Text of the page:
A succession of rave reviews has turned soprano Lisa Milne into Scotland’s most glittering young opera star. She tells Alan Morrison about life on the high Cs.
on should see my dress in Act Two — talk about a plunging neckline. My mum‘ll have a heart attack.’ The stuffy black—tie image of opera isn’t for Lisa Milne. The 25-year-old. Aberdeen-born soprano is looking forward to her latest role for Scottish Opera — as Adele in Die l’letlermaus — not so much for Strauss's showcase arias. but because ‘I get to misbehave unbelievably on stage.‘ Every sentence in her description of the fun-filled. outrageously camp production is punctuated by a giggle. so it’s no surprise she was cast in the part that includes the famous ‘l-.aughing Song‘.
Die I-‘letlermaus marks the end of Milne’s contract with Scottish Opera. Alter three years of supervised coaching and career advice. she’s about to step out into the big. bad world. Already the Glasgow-based company has secured her as a guest artiste for a l998 production of Mozart’s (‘nsifun tune. and her diary is filled with other opera engagements — Handel in Germany. more Mozart in Wales — as well as recording a solo album of Hebridean songs.
liver since she appeared with Scottish Opera in Donizetti's L'lflisir I) 'Amure while a student at the RSAMD. Milne has been a regular principal in the company’s repertoire. garnering bigger and better reviews to become Scotland‘s greatest hope for diva stardom.
‘lt was great to come out of college and know that l was going to be nurtured by my national company.‘ she admits. ‘There's this belief that singers have to go south to make a career. but that‘s a false assumption. It really annoys me. this attitude that you must be crap if you‘re still here.‘ Nevertheless. it was a trip to the other side of Hadrian’s Wall last May as understudy to American soprano Dawn Upshaw in Peter Sellers‘s Glyndeborne Opera production of Handel's Theodora that provided her most exciting experience yet.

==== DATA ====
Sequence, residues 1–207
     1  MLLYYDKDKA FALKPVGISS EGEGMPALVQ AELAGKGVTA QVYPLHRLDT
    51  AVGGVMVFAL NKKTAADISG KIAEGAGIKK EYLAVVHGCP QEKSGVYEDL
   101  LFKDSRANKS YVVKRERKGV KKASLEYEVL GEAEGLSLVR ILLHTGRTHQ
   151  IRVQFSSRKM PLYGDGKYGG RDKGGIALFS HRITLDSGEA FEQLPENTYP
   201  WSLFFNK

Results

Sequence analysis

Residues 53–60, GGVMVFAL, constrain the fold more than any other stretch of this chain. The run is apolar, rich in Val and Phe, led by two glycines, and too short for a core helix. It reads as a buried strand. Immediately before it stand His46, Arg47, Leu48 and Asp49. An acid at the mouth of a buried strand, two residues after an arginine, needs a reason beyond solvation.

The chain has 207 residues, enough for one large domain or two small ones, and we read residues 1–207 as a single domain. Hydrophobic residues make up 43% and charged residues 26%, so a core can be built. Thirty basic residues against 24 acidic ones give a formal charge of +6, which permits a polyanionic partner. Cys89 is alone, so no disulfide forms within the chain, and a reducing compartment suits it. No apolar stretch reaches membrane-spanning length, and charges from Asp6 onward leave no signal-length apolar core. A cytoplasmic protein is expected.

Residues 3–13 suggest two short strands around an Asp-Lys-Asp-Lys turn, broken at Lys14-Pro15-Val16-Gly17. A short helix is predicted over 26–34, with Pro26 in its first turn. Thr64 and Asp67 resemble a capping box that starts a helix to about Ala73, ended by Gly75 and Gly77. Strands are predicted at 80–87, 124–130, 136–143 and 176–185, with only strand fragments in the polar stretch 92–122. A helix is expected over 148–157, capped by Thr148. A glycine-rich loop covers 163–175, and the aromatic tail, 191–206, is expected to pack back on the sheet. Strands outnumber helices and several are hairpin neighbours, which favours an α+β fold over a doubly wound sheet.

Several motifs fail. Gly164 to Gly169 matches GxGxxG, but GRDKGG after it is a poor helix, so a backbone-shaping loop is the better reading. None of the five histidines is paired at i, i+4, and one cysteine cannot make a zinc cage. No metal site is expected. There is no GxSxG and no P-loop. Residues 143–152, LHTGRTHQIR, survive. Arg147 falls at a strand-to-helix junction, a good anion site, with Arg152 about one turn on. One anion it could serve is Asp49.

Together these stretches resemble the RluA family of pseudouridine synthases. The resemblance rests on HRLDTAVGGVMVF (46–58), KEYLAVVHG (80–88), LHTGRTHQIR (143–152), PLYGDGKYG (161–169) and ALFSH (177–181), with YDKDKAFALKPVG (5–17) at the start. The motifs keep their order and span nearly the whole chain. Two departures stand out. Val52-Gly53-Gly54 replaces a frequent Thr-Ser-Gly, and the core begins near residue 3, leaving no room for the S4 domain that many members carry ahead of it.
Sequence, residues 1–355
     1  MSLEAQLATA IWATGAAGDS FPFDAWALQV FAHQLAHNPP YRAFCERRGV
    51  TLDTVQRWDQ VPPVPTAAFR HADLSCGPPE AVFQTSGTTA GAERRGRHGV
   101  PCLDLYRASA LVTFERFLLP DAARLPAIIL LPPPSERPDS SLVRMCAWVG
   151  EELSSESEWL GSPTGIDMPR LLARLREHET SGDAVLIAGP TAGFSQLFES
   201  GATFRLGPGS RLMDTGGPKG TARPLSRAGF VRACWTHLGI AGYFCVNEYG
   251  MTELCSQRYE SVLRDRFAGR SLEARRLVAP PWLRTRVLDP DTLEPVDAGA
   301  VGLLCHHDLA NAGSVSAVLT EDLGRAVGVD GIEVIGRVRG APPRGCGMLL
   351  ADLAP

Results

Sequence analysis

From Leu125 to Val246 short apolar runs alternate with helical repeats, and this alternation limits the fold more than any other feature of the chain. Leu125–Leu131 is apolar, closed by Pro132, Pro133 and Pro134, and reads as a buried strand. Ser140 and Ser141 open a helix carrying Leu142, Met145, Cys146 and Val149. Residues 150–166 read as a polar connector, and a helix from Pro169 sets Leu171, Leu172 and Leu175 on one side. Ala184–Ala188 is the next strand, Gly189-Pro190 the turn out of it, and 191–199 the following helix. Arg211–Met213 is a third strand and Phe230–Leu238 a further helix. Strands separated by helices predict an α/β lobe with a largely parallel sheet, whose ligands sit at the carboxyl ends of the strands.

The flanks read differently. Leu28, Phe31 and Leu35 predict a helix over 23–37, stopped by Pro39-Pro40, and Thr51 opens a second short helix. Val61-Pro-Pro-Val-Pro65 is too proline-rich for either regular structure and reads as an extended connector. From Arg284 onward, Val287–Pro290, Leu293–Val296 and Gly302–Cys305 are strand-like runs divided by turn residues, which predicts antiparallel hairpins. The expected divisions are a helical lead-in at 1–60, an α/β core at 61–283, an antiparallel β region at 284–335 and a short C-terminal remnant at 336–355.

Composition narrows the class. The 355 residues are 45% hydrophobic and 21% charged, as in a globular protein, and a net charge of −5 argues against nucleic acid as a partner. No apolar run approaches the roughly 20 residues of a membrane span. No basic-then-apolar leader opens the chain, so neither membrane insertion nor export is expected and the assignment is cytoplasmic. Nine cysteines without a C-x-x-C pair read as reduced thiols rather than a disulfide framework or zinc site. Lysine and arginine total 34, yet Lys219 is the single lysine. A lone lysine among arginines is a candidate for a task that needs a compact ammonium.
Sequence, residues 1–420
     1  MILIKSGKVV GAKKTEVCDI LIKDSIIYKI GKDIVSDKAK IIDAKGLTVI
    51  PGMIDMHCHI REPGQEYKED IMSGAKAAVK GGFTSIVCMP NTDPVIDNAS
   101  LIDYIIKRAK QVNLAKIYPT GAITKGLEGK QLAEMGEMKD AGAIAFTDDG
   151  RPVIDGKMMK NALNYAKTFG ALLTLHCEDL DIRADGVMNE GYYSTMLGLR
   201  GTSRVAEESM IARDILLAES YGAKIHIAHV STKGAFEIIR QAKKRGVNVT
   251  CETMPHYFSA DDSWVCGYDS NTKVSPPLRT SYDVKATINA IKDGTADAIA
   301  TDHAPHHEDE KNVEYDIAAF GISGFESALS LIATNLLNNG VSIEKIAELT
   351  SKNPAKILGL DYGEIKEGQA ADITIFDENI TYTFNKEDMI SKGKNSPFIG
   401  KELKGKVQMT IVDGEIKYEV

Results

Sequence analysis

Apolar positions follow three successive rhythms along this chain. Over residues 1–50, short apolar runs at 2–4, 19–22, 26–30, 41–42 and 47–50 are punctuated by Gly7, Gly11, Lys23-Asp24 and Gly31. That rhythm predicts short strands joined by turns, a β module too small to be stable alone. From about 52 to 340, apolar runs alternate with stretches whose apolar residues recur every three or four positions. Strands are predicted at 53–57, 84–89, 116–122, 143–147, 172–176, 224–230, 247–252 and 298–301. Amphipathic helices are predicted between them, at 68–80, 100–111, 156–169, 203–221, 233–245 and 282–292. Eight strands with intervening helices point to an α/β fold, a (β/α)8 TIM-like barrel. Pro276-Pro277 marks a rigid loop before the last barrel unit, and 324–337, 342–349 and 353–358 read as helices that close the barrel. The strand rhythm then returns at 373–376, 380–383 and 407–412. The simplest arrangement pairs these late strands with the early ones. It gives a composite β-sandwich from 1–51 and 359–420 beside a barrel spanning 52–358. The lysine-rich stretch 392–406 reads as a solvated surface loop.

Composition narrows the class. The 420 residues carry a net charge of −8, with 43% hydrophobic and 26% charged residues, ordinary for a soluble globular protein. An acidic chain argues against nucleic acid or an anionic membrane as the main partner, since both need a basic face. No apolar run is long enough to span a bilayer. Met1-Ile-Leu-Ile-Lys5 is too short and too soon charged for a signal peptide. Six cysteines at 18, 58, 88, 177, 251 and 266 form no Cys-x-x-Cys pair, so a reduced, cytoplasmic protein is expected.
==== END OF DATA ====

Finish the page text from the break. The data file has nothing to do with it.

‘We’d finished rehearsing. and l was planning to go home for the weekend.’ says Milne. ‘but they asked me to come in at lunchtime the next day for a costume fitting. then I got sent up to the office where they said. “It’s official — Miss Upshaw‘s not going on tomorrow." My first reaction was “Can I phone my mum. please?” ‘
At this point. the story turns into one of those old Hollywood backstage movies where the girl from the chorus line goes on a youngster but comes back a star. After rushed rehearsals that weekend. she was on-stage in the lead role at
one of liurope’s most prestigious opera venues.
‘l‘ve never been more scared in my lil'c.' she admits. ‘At the end of an emotional scene in Act Two. I just finished. collapsed on the ground and realised I was sobbing my heart out because it suddenly hit me where I was. what I was doing. The buzz you get from that kind of fear is like nothing else. You don‘t need alcohol or drugs to be an opera singer.‘
It’s far removed from her first singing experience — a full-throath rendition of ‘Mary. Mary. Quite Contrary' at nursery school. Although she relished the piano lessons that her granny took her to as a child. it was some time before Milne actually caught the opera bug
after seeing a Scottish Opera production of
Soprano spice: pig-tailed Lisa Milne knows what she wants, what she really really wants
Berg‘s Lulu. Later. as a teenager. she took singing lessons at the Northern School ofMusic before auditioning for the RSAMD.
Now. both on stage and off. she radiates confidence and a down-to-earth personality. Her sense of humour will be perfectly at home amid the party atmosphere of Die Fledermaus. In fact. one of the best known songs in Strauss’s masterpiece is a celebration of the virtues of champagne. Sparkling. intoxicating. Qualities that brim over in Lisa Milne.
Die Fleclermaus' opens at the Theatre Royal.
Glasgow; on Wed [2 Feb and the Festival
Theatre. Edinburgh, on Tue 25 Feb. ’ qr
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